Alexandria Ocasio-Cortez

Peter Haskell/WCBS 880

The New Wave: A Political Earthquake In A New York Congressional District

July 03, 2018 - 7:00 am
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NEW YORK (WCBS 880) -- The political world is still buzzing about a massive upset in the primary last week in the 14th New York Congressional District – covering parts of the Bronx and Queens.

As WCBS 880’s Peter Haskell reported in this last segment of “New Wave: Women in Politics,” Alexandria Ocasio-Cortez’s victory over 10-term incumbent U.S. Rep. Joe Crowley was a political earthquake that shook up the Democratic establishment.

“I know that New York machine politics is rough… to choose to expose yourself to that is a big decision,” Ocasio-Cortez said. “But we can’t afford to be scared right now. We have to be courageous. We need to have the courage to change, and we need to have the courage to grow and change our representation.”

Ocasio-Cortez is a 28-year-old Latina. While her age and ethnicity might have been a factor, so were her roots in the community and her energy.

“We’ve mobilized tens of thousands of phone calls and door knocks in the district, and we have a presence here,” she said. “We are here, and oftentimes, when we knock on the door, it’s the first time that anybody has knocked on an individual’s door for a congressional campaign in our district.”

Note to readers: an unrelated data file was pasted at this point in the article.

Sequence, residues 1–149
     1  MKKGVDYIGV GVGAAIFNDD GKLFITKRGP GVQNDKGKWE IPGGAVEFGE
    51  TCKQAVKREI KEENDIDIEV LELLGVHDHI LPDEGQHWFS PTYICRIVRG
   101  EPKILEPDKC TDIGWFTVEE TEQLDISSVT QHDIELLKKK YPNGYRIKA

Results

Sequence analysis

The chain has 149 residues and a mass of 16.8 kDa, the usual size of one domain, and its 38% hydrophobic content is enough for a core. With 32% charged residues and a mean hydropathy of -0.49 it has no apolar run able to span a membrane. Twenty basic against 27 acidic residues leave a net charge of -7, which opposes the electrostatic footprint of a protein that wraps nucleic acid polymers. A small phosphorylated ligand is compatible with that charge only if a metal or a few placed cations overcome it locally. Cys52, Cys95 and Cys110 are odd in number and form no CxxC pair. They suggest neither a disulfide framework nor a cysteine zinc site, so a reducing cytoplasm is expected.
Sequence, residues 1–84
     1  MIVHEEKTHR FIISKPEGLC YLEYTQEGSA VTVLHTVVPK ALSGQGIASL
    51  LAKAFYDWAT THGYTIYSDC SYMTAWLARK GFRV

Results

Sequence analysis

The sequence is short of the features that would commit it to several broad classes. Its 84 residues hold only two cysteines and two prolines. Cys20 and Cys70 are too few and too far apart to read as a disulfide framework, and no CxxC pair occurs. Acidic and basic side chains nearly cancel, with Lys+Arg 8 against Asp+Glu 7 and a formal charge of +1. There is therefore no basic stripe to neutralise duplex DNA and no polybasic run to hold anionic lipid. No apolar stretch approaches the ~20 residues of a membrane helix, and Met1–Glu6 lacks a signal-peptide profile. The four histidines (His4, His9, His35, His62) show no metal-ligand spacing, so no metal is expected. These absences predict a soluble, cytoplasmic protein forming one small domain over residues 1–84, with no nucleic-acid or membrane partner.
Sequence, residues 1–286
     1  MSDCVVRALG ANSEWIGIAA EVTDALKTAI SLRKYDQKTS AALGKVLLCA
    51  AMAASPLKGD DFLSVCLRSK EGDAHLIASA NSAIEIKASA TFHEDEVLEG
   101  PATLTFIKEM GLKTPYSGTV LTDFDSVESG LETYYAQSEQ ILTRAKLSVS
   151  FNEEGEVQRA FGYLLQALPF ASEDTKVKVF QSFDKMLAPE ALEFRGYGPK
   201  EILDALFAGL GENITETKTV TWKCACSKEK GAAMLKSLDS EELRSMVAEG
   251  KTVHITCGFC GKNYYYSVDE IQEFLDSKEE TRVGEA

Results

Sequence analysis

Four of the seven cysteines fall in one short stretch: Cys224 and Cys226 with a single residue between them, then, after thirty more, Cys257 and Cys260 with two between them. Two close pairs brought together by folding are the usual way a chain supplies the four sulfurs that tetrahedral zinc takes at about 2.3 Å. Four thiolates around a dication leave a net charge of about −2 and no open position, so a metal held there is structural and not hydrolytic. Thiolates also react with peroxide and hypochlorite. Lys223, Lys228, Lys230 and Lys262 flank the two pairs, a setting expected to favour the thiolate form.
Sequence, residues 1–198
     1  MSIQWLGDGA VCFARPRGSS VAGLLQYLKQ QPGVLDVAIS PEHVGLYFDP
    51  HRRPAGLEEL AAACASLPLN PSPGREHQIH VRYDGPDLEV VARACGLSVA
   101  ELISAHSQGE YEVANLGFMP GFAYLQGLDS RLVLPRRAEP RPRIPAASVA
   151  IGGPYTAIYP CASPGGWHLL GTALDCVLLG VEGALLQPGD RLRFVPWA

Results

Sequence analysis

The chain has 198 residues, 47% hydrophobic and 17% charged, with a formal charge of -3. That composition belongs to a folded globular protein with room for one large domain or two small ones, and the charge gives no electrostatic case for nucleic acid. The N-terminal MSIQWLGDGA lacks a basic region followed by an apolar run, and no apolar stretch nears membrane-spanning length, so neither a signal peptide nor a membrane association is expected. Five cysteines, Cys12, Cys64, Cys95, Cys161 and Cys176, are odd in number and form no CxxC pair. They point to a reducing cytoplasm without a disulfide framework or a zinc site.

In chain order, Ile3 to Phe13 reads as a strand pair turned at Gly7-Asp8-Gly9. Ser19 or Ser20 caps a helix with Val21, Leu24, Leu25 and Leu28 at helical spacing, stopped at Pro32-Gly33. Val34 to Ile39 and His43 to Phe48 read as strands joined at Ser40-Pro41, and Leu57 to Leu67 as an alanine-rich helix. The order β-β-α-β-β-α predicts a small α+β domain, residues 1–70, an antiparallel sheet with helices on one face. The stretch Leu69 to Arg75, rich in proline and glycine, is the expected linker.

Crowley’s complacency allowed Ocasio-Cortez to tap into a certain restlessness.

“We have mobilized an electorate that has never been excited about politics before,” she said.

Alexandria Ocasio-Cortez Campaign Signs
Sophia Hall/WCBS 880

That might be where the lessons from her race are transferrable to other places and beyond the new wave of women.

Zephyr Teachout is a Democrat running for New York attorney general. She gave Gov. Andrew Cuomo a primary scare four years ago.

“It’s an enormous show to the whole state and to the whole country that the old rules don’t apply, and that people are hungry for big visions; true structural change; that we can’t just keep going with the calcified politics of ‘good enough,’” Teachout said.

Zephyr Teachout
Peter Haskell/WCBS 880

But Ocasio-Cortez believes gender does matter.

“Right now, Congress is 80 percent male, and that creates really big blind spots when we’re having conversations about health care, and family-based policies, and work, and I think that when we have a Congress that represents across all of our intersection – the people who reside and live in the United States – we get better policy,” she said.

That thirst for change seems true for Republicans as well as Democrats.